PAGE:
Adam Gainford – email@example.com
Brian Lo – firstname.lastname@example.org
Flynn Ames – email@example.com
Hannah Croad – firstname.lastname@example.org
Ieuan Higgs – email@example.com
What is Tiger Teams?
You may have heard the term Tiger Teams mentioned around the department by some PhD students, in a SCENARIO DTP weekly update email or even in the department’s pantomime. But what exactly is a tiger team? It is believed the term was coined in a 1964 Aerospace Reliability and Maintainability Conference paper to describe “a team of undomesticated and uninhibited technical specialists, selected for their experience, energy, and imagination, and assigned to track down relentlessly every possible source of failure in a spacecraft subsystem or simulation”.
This sounds like a perfect team activity for a group of PhD students, although our project had less to do with hunting for flaws in spacecraft subsystems or simulations. Translating the original definition of a tiger team into the SCENARIO DTP activity, “Tiger Teams” is an opportunity for teams of PhD students to apply our skills to real-world challenges supplied by industrial partners.
Why did we sign up to Tiger Teams?
In addition to a convincing pitch by our SCENARIO director, we thought that collaborating on a project in an unfamiliar area would be a great way to learn new skills from each other. The cross pollination of ideas and methods would not just be beneficial for our project, it may even help us with our individual PhD work.
More generally, Tiger Teams was an opportunity to do something slightly different connected to research. Brainstorming ideas together for a specific real-life problem, maintaining a code repository as a group and giving team presentations were not the average experiences one could have as a PhD student. Even when, by chance, we get to collaborate with others, is it ever that different to our PhD? The sight of the same problems …. in the same area of work …everyday …. for months on end, can certainly get tiring. Dedicating one day per week on an unrelated, short-term project which will be completed within a few months helps to break the monotony of the mid-stage PhD blues. This is also much more indicative of how research is conducted in industry, where problems are solved collaboratively, and researchers with different talents are involved in multiple projects at once.
What did we do in this round’s Tiger Teams?
One project was offered for this round of Tiger Teams: “Crowdsourced Data for Machine Learning Prediction of Urban Heat Wave Temperatures”. The bones of this project started during a machine learning hackathon at the Met Office and was later turned into a Tiger Teams proposal. Essentially, this project aimed to develop a machine learning model which would use amateur observations from the Met Offices Weather Observation Website (WOW), combined with landcover data, to fine-tune model outputs onto higher resolution grids.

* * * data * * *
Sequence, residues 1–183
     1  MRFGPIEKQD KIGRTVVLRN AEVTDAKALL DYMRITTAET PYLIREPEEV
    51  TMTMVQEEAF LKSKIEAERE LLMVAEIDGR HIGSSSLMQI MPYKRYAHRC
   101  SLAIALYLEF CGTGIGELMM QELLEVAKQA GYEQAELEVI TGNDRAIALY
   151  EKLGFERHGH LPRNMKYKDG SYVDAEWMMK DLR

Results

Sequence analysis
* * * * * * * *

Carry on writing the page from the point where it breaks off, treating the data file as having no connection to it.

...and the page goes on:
Having various backgrounds from environmental science, meteorology, physics and computer science, we were well equipped to carry out tasks formulated to predict urban heat wave temperatures. Some of the main components included:
- Quality control of data – as well as being more spatially dense, amateur observation stations are also more unreliable
- Feature selection – which inputs should we select to develop our ML models
- Error estimation and visualisation – How do we best assess and visualise the model performance
- Spatial predictions – Developing the tools to turn numerical weather prediction model outputs and high resolution landcover data into spatial temperature maps.
Our supervisor for the project, Lewis Blunn, also provided many of the core ingredients to get this project to work, from retrieving and processing NWP data for our models, to developing a novel method for quantifying upstream land cover to be included in our machine learning models.
What were the deliverables?
For most projects in industry, the team agrees with the customer (the industrial partner) on end-products to be produced before the conclusion of the project. Our two main deliverables were to (i) develop machine learning models that would predict urban heatwave temperatures across London and (ii) a presentation on our findings at the Met Office headquarters.
By the end of the project, we had achieved both deliverables. Not only was our seminar at the Met Office attended by more than 120 staff, we also exchanged ideas with scientists from the Informatics Lab and briefly toured around the Met Office HQ and its operational centre. The models we developed as a team are in a shared Git repository, although we admit that we could still add a little more documentation for future development.
As a bonus deliverable, our supervisor (and us) are consolidating our findings into a publishable paper. This is certainly a good deal considering our team effort in the past few months. Stay tuned for results from our paper perhaps in a future blog post!